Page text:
These faces represent individuals from all walks of life, each touched by cancer in some way, providing their very own ‘hope’ message to inspire the nation. Read their stories below or view Coralyn's story now.
“Everyone knows somebody affected by cancer. It’s affected my family too - my aunt, my grandfather, my great grandfather. Cancer could one day affect someone you love. Daffodil Day is a day where we all come together, to support Cancer Council in the fight against cancer. Support Daffodil Day and help make a difference”.
"I was diagnosed with breast cancer in 1997 and again in 2001, both times undergoing several surgeries and treatments. I was free of breast cancer for almost a decade, until last December when the cancer returned. I am undergoing weekly rounds of chemotherapy and while I’ve lost my cherished hair, I’ve never been more determined to help beat cancer.”
View Coralyn's story now.
“Being able to provide information and support on the Cancer Council Helpline is so rewarding, knowing that we can make a difference to those needing information about symptoms, diagnosis or treatment. On Daffodil Day, we remember all of the inspirational and wonderful people we have spoken with and we hope to continue to assist as many people as we can during this difficult time”.
“My son Kayden is 9 years old. He is a survivor of a brain tumour and has just celebrated five years cancer free. Daffodil Day is one of my favourite days of the year. It makes me smile as it beams hope with its sea of yellow inspiration, to help our future become cancer-free”.
Professor Christobel Saunders
.. “Research is what gives us hope that we will find an end to this disease, and that we may one day not just treat cancer but prevent it altogether. I believe Cancer Council’s commitment will hold the key to finding a cure against cancer”.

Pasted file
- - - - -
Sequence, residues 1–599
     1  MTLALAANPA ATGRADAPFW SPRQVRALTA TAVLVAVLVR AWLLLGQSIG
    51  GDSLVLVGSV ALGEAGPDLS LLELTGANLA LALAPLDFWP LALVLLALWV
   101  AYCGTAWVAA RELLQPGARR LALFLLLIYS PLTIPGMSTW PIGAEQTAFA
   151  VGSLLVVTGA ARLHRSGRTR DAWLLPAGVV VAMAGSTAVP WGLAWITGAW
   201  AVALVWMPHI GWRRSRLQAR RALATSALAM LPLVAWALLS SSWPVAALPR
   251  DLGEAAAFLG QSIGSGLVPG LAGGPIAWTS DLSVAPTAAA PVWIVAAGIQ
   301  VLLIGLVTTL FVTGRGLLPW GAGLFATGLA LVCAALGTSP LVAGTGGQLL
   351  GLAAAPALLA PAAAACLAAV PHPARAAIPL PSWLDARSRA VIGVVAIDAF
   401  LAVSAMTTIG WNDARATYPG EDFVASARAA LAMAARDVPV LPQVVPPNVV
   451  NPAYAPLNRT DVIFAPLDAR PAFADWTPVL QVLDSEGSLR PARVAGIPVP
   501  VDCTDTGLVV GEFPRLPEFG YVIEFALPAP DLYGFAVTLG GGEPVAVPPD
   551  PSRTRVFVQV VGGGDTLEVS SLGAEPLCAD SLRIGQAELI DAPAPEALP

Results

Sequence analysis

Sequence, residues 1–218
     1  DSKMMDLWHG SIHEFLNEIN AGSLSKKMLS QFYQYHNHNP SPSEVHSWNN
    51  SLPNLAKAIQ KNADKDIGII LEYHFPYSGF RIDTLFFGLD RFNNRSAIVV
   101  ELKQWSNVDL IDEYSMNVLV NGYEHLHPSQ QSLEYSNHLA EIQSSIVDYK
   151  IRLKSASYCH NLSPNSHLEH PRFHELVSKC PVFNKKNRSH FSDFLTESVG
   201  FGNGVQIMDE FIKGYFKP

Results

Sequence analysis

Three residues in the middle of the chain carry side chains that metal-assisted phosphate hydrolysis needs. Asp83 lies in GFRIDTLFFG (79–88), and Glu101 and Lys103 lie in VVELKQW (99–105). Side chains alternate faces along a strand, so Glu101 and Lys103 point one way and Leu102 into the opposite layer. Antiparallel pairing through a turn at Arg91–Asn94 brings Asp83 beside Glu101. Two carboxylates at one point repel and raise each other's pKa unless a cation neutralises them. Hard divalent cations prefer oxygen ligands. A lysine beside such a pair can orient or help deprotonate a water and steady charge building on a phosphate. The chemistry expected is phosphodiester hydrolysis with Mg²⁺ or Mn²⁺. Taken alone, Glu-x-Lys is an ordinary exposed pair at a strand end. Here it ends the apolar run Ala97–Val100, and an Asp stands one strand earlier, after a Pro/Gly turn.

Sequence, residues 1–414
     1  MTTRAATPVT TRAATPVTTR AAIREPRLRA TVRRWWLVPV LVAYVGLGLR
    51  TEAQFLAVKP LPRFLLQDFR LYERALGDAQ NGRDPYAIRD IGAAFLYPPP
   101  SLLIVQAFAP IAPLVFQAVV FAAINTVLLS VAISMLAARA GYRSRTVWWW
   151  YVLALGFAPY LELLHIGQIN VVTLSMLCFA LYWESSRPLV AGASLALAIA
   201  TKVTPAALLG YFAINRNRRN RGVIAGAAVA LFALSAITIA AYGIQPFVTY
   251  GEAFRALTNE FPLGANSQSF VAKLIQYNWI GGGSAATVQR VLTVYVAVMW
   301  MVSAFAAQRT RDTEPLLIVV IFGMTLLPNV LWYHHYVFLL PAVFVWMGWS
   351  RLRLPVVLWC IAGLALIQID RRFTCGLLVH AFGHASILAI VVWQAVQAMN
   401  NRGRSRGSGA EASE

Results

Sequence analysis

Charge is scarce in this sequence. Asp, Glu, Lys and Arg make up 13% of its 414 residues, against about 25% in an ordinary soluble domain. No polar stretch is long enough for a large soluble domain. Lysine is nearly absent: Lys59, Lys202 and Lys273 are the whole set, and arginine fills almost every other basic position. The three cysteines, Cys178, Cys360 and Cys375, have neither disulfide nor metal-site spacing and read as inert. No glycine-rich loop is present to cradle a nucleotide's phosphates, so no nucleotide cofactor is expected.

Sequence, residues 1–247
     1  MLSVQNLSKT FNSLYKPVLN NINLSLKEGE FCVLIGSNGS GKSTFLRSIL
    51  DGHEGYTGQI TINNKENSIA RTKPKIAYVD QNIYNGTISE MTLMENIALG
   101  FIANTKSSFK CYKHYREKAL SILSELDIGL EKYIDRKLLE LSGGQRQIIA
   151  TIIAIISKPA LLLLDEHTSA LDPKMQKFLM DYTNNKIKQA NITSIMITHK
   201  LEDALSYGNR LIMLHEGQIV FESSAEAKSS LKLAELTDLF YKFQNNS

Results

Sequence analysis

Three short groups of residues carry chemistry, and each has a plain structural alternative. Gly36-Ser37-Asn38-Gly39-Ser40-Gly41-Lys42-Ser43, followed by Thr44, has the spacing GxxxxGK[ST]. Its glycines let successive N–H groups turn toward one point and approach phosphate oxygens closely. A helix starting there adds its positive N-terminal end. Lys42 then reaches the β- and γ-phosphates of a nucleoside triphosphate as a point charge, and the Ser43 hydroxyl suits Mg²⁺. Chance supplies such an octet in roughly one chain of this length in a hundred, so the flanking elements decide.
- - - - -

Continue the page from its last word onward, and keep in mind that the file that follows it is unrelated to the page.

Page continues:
Kasey van Puijenbroek
“In 2007 I was a fit triathlete, and then I was diagnosed with a brain tumour. After surgery I was left partially paralysed and unable to walk. However earlier this year, I tackled the 79km ride in the Santos Tour Down Under Bupa Challenge Tour. This year my tumour returned and I am currently undergoing treatments of radiotherapy. I hold even greater determination to beat it again”.
“I had oesophageal cancer and am a proud survivor. As a leader in Coles Express, I hold a unique opportunity to add to the scale and support of the fantastic Coles program raising funds for the Cancer Council Helpline, which provides support to people affected by cancer in Australia”.
“At 37, I was diagnosed with cancer, though 9 years on I was given the all-clear. In 2010, my husband Michael was diagnosed with rectal cancer although I could offer support from my own experience. We got married in Hawaii between chemo sessions. Michael is recovering well and we are looking forward to a long life together".
Linda & Liz Elsworthy
Our sister Trish was diagnosed with Stage 4 CUP (cancer of unknown primary) on Remembrance Day 2010 and she died approximately eight months later on Daffodil Day last year. We’re supporting Daffodil Day for people like Trish, who don't have a primary diagnosis of their cancer. We think this is the hardest diagnosis to deal with - not knowing where to focus your mental energies and recognising that in all likelihood your cancer is not treatable.
We hope for better diagnostic outcomes and better treatments.